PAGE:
Having a lizard for a pet feels strange to a lot of people but if you’ve ever done it before, you know how adorable, rewarding, and easily manageable these animals actually are as pets. Especially once you get their environment right, caring for a gecko becomes as simple as just keeping it’s the temperature and humidity in its enclosure right and giving it enough food and water to thrive.
The crucial period of the whole experience is the early few weeks, however – that’s when you need to work a bit extra hard to make sure everything is in order but that’s also when the gecko is still a baby and will require extra care too. So, let’s go over what do baby geckos eat and how to raise your pet properly.
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Baby gecko facts
With over 1,500 species of gecko on the planet, many of them share similar features but also have quite a few key differences. This becomes extra important when you have to look after baby geckos as every little mistake in their feeding habits or environmental requirements can lead to health problems.
So, let’s go over some key facts about adult and baby geckos:
- The many species of geckos can come in various sizes – the tiny dwarf gecko is just about 0.6 inches (1.6 cm) long as an adult and even tinier as a baby. It also weighs only 0.0042 ounces or 120 milligrams whereas some sub-species of the New Caledonian giant gecko can grow up to 14 and 17 inches long (35 to 43 cm) and can be as heavy as 10 ounces (up to 280 grams). Those figures are all for adults too so looking after a baby gecko of a small species can be even trickier.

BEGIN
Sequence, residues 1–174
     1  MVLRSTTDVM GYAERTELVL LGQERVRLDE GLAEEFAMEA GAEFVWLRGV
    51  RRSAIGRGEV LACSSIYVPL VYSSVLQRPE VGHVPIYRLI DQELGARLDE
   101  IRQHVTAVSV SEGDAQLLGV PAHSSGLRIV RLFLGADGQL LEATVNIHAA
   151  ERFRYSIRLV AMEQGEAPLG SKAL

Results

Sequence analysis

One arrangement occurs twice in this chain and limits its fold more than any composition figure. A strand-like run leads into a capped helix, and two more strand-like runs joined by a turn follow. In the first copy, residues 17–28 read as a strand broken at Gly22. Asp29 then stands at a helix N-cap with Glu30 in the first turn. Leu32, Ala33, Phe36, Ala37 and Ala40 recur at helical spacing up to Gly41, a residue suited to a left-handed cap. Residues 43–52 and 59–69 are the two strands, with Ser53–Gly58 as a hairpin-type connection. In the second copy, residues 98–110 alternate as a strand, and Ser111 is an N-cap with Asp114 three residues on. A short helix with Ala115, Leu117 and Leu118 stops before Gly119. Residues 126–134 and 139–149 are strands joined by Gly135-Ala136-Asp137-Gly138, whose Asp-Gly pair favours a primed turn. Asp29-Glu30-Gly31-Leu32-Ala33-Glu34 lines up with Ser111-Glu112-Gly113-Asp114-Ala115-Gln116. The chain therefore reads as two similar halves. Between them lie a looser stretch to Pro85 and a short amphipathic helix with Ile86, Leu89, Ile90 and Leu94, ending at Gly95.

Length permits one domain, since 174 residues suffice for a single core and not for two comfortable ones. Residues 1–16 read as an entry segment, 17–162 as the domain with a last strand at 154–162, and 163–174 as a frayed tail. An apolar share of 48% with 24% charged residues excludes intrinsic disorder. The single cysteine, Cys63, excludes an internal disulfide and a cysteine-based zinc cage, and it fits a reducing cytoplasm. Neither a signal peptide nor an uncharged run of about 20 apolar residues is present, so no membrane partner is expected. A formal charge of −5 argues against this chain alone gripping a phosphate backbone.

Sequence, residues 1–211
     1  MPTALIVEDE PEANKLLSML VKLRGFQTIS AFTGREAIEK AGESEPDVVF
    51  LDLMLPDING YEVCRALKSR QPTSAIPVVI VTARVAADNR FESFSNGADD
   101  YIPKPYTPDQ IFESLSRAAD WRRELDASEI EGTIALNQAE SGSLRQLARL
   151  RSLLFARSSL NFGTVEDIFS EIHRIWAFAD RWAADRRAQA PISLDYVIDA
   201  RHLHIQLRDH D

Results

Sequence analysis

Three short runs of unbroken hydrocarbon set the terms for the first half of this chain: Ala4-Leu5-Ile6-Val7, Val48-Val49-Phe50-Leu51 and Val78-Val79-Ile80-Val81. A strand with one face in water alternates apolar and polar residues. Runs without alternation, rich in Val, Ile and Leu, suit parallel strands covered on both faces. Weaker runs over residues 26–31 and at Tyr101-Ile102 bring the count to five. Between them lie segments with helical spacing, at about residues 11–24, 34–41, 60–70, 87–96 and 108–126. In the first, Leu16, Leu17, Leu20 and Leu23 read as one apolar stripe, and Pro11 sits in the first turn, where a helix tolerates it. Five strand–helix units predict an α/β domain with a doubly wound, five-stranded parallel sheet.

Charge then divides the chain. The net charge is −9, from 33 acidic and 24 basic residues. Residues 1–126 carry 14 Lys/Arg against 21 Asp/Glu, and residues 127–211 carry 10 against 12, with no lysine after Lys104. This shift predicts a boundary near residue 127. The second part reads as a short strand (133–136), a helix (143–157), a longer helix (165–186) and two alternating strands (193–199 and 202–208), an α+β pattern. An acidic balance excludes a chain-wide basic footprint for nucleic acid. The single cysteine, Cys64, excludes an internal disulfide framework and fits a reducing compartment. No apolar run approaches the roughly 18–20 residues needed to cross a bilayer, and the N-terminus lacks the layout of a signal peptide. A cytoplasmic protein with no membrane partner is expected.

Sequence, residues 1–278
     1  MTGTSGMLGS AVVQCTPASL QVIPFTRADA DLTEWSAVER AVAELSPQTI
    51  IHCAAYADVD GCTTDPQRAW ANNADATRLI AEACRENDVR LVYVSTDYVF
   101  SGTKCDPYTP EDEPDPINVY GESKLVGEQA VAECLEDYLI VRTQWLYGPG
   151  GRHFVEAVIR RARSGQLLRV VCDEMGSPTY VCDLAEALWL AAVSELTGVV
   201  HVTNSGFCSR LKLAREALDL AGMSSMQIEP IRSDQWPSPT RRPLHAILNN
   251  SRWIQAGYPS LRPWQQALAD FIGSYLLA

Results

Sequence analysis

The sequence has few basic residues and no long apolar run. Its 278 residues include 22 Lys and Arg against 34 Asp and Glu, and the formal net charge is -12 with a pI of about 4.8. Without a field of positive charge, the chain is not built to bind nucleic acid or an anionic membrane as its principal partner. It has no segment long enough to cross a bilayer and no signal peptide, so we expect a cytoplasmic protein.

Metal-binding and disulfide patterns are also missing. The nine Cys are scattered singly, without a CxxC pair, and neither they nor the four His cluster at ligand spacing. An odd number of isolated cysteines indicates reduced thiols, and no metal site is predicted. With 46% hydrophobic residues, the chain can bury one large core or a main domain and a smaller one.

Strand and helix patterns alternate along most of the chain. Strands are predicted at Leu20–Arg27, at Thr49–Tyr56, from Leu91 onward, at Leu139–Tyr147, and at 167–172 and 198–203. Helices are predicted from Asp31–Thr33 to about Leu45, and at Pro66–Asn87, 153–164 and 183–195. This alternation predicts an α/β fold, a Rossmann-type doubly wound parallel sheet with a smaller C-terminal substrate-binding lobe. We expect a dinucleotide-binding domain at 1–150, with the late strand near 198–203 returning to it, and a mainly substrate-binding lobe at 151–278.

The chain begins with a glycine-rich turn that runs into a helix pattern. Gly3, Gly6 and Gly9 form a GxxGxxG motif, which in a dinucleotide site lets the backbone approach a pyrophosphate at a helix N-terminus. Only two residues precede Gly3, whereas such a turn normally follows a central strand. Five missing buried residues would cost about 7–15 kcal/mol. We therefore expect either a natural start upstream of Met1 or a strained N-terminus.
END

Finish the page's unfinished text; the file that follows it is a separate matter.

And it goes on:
To be a bit more precise, this is how the different species of geckos are classified:
- The Eublepharidae family and its 6 genera and 30 species
- The Phyllodactylidae family with 11 genera and 117 species
- The Diplodactylidae family with its 19 genera and 117 species
- The massive Gekkonidae and its 52 genera and 950 species
- The Pygopodidae known for its 7 genera and 41 species
- The Carphodactylidae family which includes 7 genera and 28 species
- Lastly, the Sphaerodactylidae family with its 11 genera and 203 species
These seven families all fall within the Gekkota suborder, Squamata order, and the Reptilia class.
- Geckos live in six out of the seven continents with the only exception being Antarctica. This means they are acclimated to various habitats such as deserts, rainforests, mountains, and more. This means that setting up your reptiles’ enclosures should be done with a lot of care and attention to the exact species and needs of each particular species, especially when they are still young.
- Geckos are nocturnal so you shouldn’t expect much activity from them during the day nor should you feed them when the sun’s out. This also makes them a great choice for people who are at work or at school for most of the day and want to rather interact with their pets in the evenings. Naturally, it also means that you should feed your gecko in the evening.
- Geckos are both “water-proof” and bathe very easily – their skin is covered with a great number of hair-like spines that trap air and create a water-proof barrier similar to car wax or couch protective spray. This means that geckos don’t get overly wet and drenched with water, however, they still get cleaner when they bathe because the water does get close enough to their skin to wipe off dust and contaminants.
- The tail of geckos is often used as extra fat storage for when they can’t get enough food. This allows most species of geckos to survive without food somewhere between 10 and 14 days, although there is really no good reason to test your pet in such a way.
- Geckos are generally omnivores with most eating insects, fruits, and flower nectar. However, you should keep in mind that different geckos have different dietary preferences with some species being strictly carnivores and unable to eat fruits or flower nectar. So, you should be fully aware of what specie of gecko you have and what it needs to be fed with exactly.